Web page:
Thursday, March 17, 2011

CTEN - March 2011 letter

Dear Colleague,

Please note that in addition to the traditional emailing of the CTEN monthly newsletter, we will have it posted on the CTEN blog - Since there are several controversial issues covered in this letter, we think it would be a good time for people to share their opinions with other teachers.

The story of the month for educators has to be the dismantling of collective bargaining in Wisconsin. Whether or not you agree with Governor Scott Walker’s actions, there is no doubt that is a story that will impact teachers in Wisconsin and possibly have long lasting ramifications for teachers elsewhere. Many other states -- New Jersey, Indiana, Ohio, et al. -- have been watching with more than just passing interest as they are considering similar type legislation. With 29 Republican governors, a sagging economy and general antipathy toward public employee unions, this is a good time for those who think collective bargaining is not healthy for society to put an end to what many in the union think is their “right.”

While CTEN is not taking a position on collective bargaining, we can’t help but be disappointed in the way many Wisconsin teachers behaved in protesting Governor Walker’s actions. They certainly haven’t helped their cause with the kind of behavior displayed in this brief video -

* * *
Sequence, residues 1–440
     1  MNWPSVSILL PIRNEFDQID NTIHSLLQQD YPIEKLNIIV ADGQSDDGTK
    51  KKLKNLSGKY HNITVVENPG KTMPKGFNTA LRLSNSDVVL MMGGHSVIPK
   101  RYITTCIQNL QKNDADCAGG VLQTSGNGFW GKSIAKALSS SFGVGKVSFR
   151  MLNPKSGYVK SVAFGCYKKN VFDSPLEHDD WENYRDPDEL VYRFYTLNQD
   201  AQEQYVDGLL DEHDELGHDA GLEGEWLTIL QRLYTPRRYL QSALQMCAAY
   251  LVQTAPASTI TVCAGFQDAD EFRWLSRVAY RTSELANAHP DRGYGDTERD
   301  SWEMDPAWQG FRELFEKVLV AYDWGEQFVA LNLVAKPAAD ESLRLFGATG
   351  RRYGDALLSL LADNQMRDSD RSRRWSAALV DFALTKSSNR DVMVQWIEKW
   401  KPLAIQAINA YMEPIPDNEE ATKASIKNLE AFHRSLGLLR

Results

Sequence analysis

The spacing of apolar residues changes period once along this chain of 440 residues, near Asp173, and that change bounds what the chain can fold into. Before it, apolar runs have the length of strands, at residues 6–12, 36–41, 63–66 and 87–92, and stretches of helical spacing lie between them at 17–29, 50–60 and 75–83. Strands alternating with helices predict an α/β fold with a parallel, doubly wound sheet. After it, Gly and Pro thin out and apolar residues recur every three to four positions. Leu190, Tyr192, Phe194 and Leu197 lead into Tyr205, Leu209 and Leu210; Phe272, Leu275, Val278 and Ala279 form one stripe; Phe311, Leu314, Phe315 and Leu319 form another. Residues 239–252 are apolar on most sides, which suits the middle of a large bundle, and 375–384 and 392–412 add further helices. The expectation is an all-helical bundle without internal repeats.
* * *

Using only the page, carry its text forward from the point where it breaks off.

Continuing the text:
Another very contentious issue, this one in California, is the Parent Trigger battle underway in Compton. In a nutshell, the Compton parents got the required number of signatures to force a change in school governance, but the school district, the state school board, Superintendent of Public Instruction Tom Torlakson, Governor Jerry Brown and various state legislators objected and announced their intention to clarify (read: eviscerate) the new law. However, the landslide of articles sympathetic to the parents from newspapers all over the state has softened the positions of opponents to the point where it would now appear that the law might survive in tact. Here is a bit more information about Parent Trigger from our October newsletter:

Earlier this year, without much fanfare, a new law went into effect in CA. The "Parent Trigger" could have major ramifications for teachers, parents and students. Under this law, if 50.1 percent of parents at a school sign a petition, the school must initiate one of four turnaround options as prescribed by the federal government. To learn more, go to . Also, the Heartland Institute has put out a policy brief explaining the promise and possible pitfalls of the Parent Trigger -

There is still much confusion about the new law, and CTEN is sponsoring an event in Los Angeles on March 21st at which we hope to set the facts straight. We will have four experts discussing the law and its ramifications. For more information, please go to